Physics Stack Exchange is a question and answer site for active researchers, academics and students of physics. Join them; it only takes a minute:

Sign up
Here's how it works:
  1. Anybody can ask a question
  2. Anybody can answer
  3. The best answers are voted up and rise to the top

in this video at arround 0:47 they deliver the 'dry pots' to the under water lab, bellow the water and they seem to swim up into an opening where it is completly dry.. how is this dry, surly the water would fill into that void seeing as its under water ?

Sorry if this is such a basic quesiton !!

share|cite|improve this question
up vote 5 down vote accepted

If you turn a glass upside down and put it in a sink full of water you'll find the air stays in the glass and stops the water filling the glass. This is exactly how the undersea lab works. The lab is sealed apart from the opening in the bottom, so the air inside it can't escape, and the trapped air keeps the water out.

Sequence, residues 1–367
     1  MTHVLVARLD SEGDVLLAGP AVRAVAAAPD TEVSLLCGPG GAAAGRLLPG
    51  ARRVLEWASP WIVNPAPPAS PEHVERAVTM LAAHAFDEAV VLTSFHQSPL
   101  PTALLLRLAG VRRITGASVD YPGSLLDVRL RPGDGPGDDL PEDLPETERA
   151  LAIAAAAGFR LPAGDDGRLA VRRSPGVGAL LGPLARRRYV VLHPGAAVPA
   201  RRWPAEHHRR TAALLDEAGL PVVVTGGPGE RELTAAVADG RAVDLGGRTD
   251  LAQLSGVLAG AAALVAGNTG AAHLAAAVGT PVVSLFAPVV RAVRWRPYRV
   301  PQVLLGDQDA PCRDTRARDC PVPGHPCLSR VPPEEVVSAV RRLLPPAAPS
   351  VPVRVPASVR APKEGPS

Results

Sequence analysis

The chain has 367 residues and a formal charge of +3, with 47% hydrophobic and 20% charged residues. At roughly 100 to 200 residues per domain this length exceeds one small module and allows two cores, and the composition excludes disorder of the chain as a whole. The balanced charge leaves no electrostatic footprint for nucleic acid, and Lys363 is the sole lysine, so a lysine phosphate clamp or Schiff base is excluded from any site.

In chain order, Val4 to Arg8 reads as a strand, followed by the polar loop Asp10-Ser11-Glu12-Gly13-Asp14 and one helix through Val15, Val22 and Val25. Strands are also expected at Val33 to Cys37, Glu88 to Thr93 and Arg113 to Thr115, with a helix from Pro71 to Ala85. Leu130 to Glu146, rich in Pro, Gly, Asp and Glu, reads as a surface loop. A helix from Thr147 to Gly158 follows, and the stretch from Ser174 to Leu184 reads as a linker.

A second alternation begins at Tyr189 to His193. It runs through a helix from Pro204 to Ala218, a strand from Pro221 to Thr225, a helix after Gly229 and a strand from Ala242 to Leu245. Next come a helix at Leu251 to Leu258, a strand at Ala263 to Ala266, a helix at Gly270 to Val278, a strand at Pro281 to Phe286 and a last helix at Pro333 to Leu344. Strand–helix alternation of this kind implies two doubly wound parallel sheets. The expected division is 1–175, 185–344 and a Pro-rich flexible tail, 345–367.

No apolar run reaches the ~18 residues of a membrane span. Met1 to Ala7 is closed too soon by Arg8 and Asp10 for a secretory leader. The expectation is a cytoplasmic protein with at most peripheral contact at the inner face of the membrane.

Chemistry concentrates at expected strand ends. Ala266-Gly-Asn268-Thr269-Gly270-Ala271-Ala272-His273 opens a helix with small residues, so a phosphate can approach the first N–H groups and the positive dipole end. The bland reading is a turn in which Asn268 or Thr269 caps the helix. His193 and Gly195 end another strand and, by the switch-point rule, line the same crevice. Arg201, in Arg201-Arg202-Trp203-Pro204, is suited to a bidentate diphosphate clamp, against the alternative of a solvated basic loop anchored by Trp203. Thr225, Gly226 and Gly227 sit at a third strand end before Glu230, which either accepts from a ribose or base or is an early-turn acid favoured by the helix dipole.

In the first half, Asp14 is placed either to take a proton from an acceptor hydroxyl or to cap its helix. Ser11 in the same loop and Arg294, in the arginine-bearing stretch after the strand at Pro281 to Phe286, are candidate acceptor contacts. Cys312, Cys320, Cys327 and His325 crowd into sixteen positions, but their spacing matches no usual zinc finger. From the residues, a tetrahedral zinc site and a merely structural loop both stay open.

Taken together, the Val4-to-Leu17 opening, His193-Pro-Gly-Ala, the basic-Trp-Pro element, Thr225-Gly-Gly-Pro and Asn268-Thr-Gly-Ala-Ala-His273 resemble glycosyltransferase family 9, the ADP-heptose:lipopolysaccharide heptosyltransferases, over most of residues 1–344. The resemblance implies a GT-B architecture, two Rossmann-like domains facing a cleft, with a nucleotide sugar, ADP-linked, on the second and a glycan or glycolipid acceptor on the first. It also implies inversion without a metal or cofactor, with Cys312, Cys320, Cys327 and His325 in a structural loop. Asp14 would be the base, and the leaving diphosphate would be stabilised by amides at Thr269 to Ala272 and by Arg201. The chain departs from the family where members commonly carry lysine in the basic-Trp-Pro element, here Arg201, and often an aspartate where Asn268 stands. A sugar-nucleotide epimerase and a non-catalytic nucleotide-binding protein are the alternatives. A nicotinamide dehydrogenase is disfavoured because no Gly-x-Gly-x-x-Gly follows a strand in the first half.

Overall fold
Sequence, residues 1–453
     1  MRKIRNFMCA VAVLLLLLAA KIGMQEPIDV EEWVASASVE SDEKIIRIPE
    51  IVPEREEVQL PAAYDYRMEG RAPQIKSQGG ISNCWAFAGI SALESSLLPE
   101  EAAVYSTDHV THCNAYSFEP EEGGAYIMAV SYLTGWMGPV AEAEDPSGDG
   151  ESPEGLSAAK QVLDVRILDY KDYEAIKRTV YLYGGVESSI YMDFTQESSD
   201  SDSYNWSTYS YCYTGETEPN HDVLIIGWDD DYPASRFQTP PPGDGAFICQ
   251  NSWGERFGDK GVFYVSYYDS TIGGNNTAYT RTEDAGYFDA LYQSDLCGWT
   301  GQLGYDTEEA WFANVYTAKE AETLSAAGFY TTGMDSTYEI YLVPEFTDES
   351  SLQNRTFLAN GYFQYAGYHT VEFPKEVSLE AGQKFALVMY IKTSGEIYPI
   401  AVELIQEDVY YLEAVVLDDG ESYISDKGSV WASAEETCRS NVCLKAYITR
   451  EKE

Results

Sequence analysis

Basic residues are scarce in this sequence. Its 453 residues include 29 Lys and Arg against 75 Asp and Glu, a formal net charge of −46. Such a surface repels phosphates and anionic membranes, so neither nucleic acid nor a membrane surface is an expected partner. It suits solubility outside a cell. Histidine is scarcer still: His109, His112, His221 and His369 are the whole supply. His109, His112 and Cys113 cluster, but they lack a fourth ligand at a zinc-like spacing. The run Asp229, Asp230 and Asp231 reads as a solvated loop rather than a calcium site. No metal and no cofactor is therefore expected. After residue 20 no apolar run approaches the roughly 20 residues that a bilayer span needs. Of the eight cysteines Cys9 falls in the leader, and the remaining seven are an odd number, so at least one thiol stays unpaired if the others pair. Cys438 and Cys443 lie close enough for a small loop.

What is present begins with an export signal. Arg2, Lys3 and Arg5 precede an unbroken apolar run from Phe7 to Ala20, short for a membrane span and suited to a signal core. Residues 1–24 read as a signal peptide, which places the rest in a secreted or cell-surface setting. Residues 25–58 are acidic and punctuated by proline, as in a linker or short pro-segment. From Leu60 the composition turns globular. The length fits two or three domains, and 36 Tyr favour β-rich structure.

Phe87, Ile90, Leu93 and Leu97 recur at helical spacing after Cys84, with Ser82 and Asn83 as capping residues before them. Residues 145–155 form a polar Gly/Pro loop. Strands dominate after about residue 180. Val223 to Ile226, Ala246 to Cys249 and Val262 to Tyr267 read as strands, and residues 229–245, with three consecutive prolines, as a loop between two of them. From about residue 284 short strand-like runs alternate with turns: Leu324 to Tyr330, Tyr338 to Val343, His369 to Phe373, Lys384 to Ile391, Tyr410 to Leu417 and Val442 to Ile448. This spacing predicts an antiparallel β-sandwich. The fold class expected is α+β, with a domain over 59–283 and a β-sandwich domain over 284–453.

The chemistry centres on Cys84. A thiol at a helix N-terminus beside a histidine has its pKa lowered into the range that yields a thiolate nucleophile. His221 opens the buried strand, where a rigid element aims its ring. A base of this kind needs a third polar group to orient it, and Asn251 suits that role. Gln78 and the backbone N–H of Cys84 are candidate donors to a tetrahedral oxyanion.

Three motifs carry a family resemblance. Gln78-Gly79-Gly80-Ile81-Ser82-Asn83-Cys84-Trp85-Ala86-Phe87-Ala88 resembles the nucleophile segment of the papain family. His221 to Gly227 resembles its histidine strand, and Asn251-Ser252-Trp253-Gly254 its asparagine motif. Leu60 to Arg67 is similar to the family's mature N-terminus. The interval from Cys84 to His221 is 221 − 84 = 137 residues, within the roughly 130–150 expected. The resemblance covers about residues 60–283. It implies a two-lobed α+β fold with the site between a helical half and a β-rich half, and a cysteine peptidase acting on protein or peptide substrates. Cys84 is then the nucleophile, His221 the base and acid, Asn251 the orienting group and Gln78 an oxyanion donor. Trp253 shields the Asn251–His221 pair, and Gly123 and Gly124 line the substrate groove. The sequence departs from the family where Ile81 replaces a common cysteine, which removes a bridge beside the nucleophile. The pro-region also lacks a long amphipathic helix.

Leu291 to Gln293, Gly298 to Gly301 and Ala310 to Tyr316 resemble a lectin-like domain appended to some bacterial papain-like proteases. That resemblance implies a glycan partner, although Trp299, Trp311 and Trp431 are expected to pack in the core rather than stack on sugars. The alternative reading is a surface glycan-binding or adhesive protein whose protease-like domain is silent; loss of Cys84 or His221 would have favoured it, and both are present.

The air has to be at the same pressure as the water (otherwise the water pressure would compress it and allow some water in) so the pressure is higher than on the surface. That's why the chaps in the lab have to open a valve on the barrels containing the towels before they can open them.

You have to be very sure there are no leaks in the undersea lab. Any leak would allow the air in the lab to leak out and bubble to the surface, and sea water would rush in to replace the leaked air.

share|cite|improve this answer
There are instabilities for glass in water which make it difficult to do if the glass tapers outward. You can do it more easily with an upside down coke bottle. – Ron Maimon Jul 18 '12 at 3:04

Your Answer


By posting your answer, you agree to the privacy policy and terms of service.

Not the answer you're looking for? Browse other questions tagged or ask your own question.